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Wed Jun 19, 2013
by Odd Thomas
Does the bible contain errors?
Tue Jun 18, 2013
by Megan Almon
Introducing: “Know the Bible” series
Mon Jun 17, 2013
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Mon Jun 17, 2013
by Justin Holcomb
21 simple ways to be an exceptional dad
Sun Jun 16, 2013
by Josh Mcpherson
Book highlights: The Temple and the Church’s Mission
Here at the Resurgence, we exist to train people to love and worship Jesus in all of life. Occasionally we like to take good books and highlight the big ideas to help you learn and grow as a Christian and a leader.
by G. K. Beale
IVP Academic, 2004.
In The Temple and the Church’s Mission, biblical theologian Gregory Beale answers two major questions. First, why does “a new heaven and a new earth” in Revelation 21:1 appear as a garden-like temple (Rev. 21:2–3, 10–22:3)? Second, how does this vision relate “to Christians and their role in fulfilling the mission of the church” (23–25)?
Beale’s thesis is “that the Old Testament tabernacle and temples were symbolically designed to point to the cosmic eschatological reality that God’s tabernacling presence, formerly limited to the holy of holies, was to be extended throughout the whole earth” (26).
The symbolism of a temple
In the first portion of the book, Beale examines the cosmic symbolism found in Old Testament and ancient Near Eastern temples. He argues that “the Garden of Eden was the first archetypal temple, and that it was the model for all subsequent temples . . . the Old Testament tabernacle and temples were symbolical microcosms of the whole creation. As microcosmic symbolic structures they were designed to point to a worldwide eschatological temple that perfectly reflects God’s glory. It is this universally expanded eschatological temple that is pictured in Revelation’s last vision” (26).
As Beale shows, “Ezekiel 28 explicitly calls Eden the first sanctuary, which substantiates that Eden is described as a temple because it is the first temple, albeit a ‘garden-temple.’ Early Judaism confirms this identification. Indeed, it is probable that even the similar ancient Near Eastern temples can trace their roots back to the original primeval garden” (79–80).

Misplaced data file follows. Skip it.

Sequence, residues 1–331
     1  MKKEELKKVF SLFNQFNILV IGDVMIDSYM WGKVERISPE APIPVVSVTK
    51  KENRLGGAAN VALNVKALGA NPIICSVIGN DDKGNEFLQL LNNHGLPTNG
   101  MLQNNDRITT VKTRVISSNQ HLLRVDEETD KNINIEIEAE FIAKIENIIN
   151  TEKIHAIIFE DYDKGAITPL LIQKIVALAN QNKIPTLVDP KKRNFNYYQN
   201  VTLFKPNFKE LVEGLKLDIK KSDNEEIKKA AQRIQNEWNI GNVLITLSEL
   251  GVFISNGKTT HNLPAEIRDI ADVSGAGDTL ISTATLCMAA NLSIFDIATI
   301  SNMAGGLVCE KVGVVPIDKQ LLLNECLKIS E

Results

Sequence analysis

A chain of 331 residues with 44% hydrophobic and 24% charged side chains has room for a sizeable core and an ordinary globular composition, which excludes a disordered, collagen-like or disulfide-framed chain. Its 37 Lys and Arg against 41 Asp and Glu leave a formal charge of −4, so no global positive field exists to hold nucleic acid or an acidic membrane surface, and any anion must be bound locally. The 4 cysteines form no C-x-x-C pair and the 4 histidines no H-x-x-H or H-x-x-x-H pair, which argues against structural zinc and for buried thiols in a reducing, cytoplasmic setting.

The mark of the true church is an expanding witness to the presence of God.
Adam, the kingly gardener, priest, and watchman over Eden, was to subdue the earth as God’s image-bearer (Gen. 1:26–28). Adam and Eve “were to reflect God’s kingship by being his vice-regents on earth” (81). Israel is also depicted as “corporate Adam,” as Beal calls it. “The nation’s task was to do what Adam had first been commissioned to do. Israel failed even as had Adam. And like Adam, Israel was also cast out of their ‘garden land’ into exile” (119–121).
Both Adam and Israel were given the role of expanding God’s temple on the earth: “Eden and the temple signified a divine mandate to enlarge the boundaries of the temple until they formed the borders around the whole earth. Sometimes the thought may be that the entire land of Israel, conceived as a large Garden of Eden, was to be expanded” (123). As Habakkuk writes, “The earth will be filled with the knowledge of the glory of the Lord as the waters cover the sea” (Hab. 2:14).
Christ and his church: The ultimate temple
The role given to Adam and Israel—to expand God’s temple into all the earth—is fulfilled in the ultimate Israelite, Jesus Christ, and his church: “The New Testament pictures Christ and the church as finally having done what Adam, Noah, and Israel had failed to do in extending the temple of God’s presence throughout the world. Luke 2:32 and Acts 26:23 picture Christ as fulfilling this commission to be a ‘light’ to the end of the earth (an allusion to the Servant Israel’s commission in Isa. 49:6)” (169). Jesus’ Great Commission promise to go with his disciples to the ends of the earth (Matt. 28) gives further support to this conclusion.